AHLC Demands Equality for Humanist Prisoners
For Immediate Release
Contact: Amy Couch, 202-238-9088, email@example.com
Monica Miller, 202-238-9088, firstname.lastname@example.org
(Nevada, December 20, 2017)—Today, the American Humanist Association (AHA) Appignani Humanist Legal Center filed a notice of appeal of the U.S. District Court of Nevada’s dismissal of their case filed on behalf of a Humanist prisoner to the Ninth Circuit Court of Appeals.
The lawsuit, filed in October 2016, asserts that the Nevada Department of Corrections’ refusal to allow Humanist inmates to study and discuss their shared convictions in a group setting while authorizing meetings for many faith groups of similar and smaller sizes violates the Establishment Clause of the First Amendment and Equal Protection Clause of the Fourteenth Amendment. The lawsuit further asserts that the Department’s refusal to recognize Humanism as an approved “Faith Group,” which is necessary for group meetings, storage space, and other accommodations, while approving twenty-eight other traditions including Buddhism, Thelema, and Siddha Yoga, violates these constitutional mandates as well.
“The District Court’s decision allowing a prison to overtly discriminate against Humanists flouts decades of Supreme Court precedent holding that the Establishment Clause prohibits the government from favoring theism over nontheism, and specifically holding that Humanism is treated as a religion for constitutional purposes,” said Monica Miller, Senior Counsel for the AHA. “We are confident that the Ninth Circuit will reverse this ruling and recognize that prisons must accord equal treatment to Humanists and Christians alike.”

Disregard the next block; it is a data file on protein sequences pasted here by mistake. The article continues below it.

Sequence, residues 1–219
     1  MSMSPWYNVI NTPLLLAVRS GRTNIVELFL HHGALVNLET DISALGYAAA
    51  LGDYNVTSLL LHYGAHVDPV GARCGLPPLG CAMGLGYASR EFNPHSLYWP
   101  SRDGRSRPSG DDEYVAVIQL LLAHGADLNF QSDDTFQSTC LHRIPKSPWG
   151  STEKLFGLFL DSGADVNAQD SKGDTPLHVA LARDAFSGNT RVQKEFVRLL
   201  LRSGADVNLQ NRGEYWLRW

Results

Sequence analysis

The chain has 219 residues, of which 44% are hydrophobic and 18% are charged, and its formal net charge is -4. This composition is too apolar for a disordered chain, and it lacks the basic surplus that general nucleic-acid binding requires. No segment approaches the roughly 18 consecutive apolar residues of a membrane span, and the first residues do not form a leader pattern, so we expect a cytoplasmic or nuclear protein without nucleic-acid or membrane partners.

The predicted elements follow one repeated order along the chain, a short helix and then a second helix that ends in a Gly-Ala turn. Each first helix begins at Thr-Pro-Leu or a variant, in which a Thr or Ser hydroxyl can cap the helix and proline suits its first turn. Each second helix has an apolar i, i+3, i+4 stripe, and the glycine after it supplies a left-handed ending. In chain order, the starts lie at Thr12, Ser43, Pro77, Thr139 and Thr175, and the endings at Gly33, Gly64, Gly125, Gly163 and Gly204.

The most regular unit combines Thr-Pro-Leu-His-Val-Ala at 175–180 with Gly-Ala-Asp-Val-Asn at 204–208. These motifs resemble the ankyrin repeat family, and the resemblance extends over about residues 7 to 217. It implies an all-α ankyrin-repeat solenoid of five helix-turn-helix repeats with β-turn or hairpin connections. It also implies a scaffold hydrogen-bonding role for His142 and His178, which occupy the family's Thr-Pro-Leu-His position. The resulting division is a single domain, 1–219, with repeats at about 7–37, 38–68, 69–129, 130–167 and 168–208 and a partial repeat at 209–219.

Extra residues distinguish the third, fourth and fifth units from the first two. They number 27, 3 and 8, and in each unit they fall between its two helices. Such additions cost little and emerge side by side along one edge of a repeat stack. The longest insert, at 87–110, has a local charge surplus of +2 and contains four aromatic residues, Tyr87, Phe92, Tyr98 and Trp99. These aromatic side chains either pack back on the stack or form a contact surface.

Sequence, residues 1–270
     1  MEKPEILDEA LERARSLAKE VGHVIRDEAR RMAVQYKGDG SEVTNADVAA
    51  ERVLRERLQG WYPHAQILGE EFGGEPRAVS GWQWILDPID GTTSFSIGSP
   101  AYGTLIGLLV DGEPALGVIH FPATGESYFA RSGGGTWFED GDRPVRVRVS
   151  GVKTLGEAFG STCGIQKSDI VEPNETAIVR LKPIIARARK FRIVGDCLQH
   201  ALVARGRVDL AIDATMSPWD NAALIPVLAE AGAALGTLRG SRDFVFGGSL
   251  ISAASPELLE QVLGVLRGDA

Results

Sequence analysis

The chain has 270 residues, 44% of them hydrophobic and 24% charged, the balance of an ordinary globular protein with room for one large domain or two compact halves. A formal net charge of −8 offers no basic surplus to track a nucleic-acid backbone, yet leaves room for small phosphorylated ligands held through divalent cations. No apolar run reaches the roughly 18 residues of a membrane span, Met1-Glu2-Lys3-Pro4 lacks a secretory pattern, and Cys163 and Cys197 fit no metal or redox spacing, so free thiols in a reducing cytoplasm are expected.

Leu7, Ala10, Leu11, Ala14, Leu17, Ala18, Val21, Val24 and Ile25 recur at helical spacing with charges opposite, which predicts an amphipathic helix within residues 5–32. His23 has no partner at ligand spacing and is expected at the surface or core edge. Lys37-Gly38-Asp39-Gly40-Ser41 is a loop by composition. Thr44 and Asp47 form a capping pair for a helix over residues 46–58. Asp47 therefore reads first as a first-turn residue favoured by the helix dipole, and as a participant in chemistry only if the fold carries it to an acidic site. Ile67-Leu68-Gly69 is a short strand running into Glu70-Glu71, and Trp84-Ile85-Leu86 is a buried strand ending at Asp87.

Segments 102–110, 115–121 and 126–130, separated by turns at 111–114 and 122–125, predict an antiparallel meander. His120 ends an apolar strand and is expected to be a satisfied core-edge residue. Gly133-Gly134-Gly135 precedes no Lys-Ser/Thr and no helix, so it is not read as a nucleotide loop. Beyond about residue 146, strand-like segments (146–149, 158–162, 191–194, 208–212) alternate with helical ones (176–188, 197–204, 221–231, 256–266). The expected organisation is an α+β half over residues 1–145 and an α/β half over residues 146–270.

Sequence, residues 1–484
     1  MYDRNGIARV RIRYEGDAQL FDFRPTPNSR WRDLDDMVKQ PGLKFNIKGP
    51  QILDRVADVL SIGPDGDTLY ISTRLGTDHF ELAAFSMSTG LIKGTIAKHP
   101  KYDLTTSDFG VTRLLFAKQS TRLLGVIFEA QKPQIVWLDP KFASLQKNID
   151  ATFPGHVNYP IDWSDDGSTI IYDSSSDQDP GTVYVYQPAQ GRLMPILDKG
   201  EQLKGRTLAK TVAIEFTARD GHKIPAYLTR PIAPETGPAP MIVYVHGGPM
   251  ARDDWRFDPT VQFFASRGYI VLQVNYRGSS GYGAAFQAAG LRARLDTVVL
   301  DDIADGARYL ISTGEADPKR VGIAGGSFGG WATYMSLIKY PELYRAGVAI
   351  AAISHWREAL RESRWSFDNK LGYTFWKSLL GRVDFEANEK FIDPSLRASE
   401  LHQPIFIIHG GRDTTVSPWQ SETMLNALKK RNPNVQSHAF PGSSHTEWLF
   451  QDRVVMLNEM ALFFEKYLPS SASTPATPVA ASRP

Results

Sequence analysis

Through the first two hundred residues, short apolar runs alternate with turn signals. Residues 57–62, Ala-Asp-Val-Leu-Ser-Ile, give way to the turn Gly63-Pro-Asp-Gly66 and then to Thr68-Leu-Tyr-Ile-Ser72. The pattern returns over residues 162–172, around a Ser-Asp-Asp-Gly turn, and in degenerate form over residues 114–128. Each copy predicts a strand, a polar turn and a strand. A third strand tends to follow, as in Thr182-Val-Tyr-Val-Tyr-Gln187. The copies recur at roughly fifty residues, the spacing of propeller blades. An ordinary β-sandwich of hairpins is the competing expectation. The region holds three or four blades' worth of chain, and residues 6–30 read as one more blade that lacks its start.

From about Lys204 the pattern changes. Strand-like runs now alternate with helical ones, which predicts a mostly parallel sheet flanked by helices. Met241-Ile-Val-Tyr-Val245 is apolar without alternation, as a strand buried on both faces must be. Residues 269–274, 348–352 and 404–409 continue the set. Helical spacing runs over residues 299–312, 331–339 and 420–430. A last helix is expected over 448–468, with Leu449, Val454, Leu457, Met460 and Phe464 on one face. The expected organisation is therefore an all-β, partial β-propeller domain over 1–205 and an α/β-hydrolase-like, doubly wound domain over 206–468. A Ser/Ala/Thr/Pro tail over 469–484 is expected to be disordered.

In 2015, the AHA scored a legal victory on behalf of Humanists in federal prisons in their case against the U.S. Department of Justice Bureau of Prisons. After a federal judge refused to dismiss the case in 2014, declaring that Humanists must be accorded equal treatment, the Bureau of Prisons agreed to recognize Humanism and accord its adherents the same benefits enjoyed by inmates of other faiths, including time and space for Humanist meetings and special time to celebrate Darwin Day.
Founded in 1941 and headquartered in Washington, D.C., the American Humanist Association (AHA) works to protect the rights of humanists, atheists, and other nontheistic Americans. The AHA advances the ethical and life-affirming philosophy of humanism, which—without beliefs in any gods or other supernatural forces—encourages individuals to live informed and meaningful lives that aspire to the greater good of humanity.
Special thanks to the Louis J. Appignani Foundation for their support of the Appignani Humanist Legal Center.